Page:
9. Roman Self-(Re)-Presentation: Song Lyrics of Roman Oyun Havaları
While literary representations of “çingene” by non-Roman re-embedded iconic caricatures through words, community-based control over images shifted with the advent and commercial success of a new musical genre, Roman dance music (Roman oyun havası). In fact, it is highly significant that the mass introduction of a neologistic cover term for these communities, “Roman,” seems to be directly associated with the appearance of this musical genre beginning in the mid-1960s. The musical category of “Roman oyun havası” as a 9/8 meter dance melody associated with Roman communities emerged through the marketing strategies of the 1960s recording industry agents. Fueled by growing markets for locally-produced 45 rpm recordings, newly-formed recording studios sought new local repertoire that they could record and then market. Roman dance music (Roman oyun havası) was
A second major shift in Roman musical representation began in the mid 1970s, when Roman wedding musicians from Edirne began develop a repertoire of locally-composed songs for mostly 9/8 meter melodies and dance songs for wedding events, and such songs were picked up for dissemination by record producers. The northwestern Turkish border town of Edirne has long been the home for a rich cosmopolitan cultural mix, as it is both situated at a crucial trade junction in the fertile Thracian region between Turkey, Bulgaria and Greece, and has a prestigious history as a former seat of the Ottoman dynasty. The town has some ten or more Roman neighborhoods, and a large population of Roman work as professional musicians serving the populations of the town and surrounding villages.  The media dissemination of a marked Roman repertoire was largely driven by the needs of small-scale record companies to find larger markets in which to distribute recordings, thus drove producers to build customer bases in areas outside of Istanbul. From evidence that I collected from interviews, there were three contributory practices among Edirne Roman that contributed to creating this newly-fashioned genre: 1) 9/8 meter instrumental tunes and songs which were part of the varied repertoire of Roman communities as discussed above; 2) adoption of kanto stage songs which reference “çingene” life in their song texts; 3) the personal innovations of a few wedding musicians from Edirne who developed topical songs for their Roman audiences during weddings.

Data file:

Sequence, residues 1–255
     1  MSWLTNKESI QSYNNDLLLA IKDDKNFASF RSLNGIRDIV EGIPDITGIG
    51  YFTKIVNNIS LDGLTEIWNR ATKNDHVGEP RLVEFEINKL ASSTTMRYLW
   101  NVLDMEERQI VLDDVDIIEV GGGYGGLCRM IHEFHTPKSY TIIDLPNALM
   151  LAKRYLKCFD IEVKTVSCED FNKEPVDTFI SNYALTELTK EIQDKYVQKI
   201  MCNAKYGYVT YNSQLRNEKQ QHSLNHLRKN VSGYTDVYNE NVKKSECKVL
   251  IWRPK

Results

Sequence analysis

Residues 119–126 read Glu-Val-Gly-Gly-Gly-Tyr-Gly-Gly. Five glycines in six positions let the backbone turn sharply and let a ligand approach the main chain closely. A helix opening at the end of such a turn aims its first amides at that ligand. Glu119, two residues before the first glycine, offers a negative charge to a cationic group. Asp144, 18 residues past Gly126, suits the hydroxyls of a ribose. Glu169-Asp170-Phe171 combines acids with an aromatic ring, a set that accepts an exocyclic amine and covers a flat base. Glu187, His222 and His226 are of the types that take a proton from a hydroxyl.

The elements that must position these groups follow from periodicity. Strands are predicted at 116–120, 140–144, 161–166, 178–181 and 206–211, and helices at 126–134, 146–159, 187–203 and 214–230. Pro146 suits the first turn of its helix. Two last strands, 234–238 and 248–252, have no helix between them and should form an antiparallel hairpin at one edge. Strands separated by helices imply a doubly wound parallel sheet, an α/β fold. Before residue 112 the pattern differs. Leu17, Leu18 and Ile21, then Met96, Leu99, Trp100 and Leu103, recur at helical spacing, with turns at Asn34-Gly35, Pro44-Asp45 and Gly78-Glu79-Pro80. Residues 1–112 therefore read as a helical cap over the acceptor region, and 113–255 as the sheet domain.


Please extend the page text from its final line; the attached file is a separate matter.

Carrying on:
The confluence of these practices with individual local innovations led to local Roman embracing 9/8 as a distinctly Roman genre.  Drawing on distinctly local references to places, commentary on local events and people, use of Romanes and in-group slang, these songs created new outlets for communal expression, which were sought for exploitation in the studios to support a rapidly growing recording industry.
A short biography of a few of the early artists who spurred this process illustrate how in-community references became embedded in local songs that in turn came to signify greater Roman identity. Roman musicians in Edirne credit violinist Hacı Üründülcü (Kemâni Hacı Üründülcü, or “Acı”) as the first to create and perform songs with Roman oyun havası melodies. Kemâni Hacı Üründülcü’s musicianship was prized among Roman for his ability to make up topical song texts about his own experiences and that of his Roman audiences. While locally popular as a wedding musician, he did not have access to the recording studios, and passed away from tuberculosis before the expansion of the recording industry.
However, the repertoire of dance songs created by Kemâni Hacı became the staple for a well-recorded duo, nephew Kadir Üründülcü and clarinetist Deli (“Crazy”) Selim Kızılcıklar, who carried on the new tradition of setting new and re-fashioned instrumental melodies to topical song texts. One such example from Hacı Üründülcü was recorded by Kadir Üründülcü and clarinetist Deli (“Crazy”) Selim Kızılcıklar, and embeds distinctly local references to places, people, events, and personalities.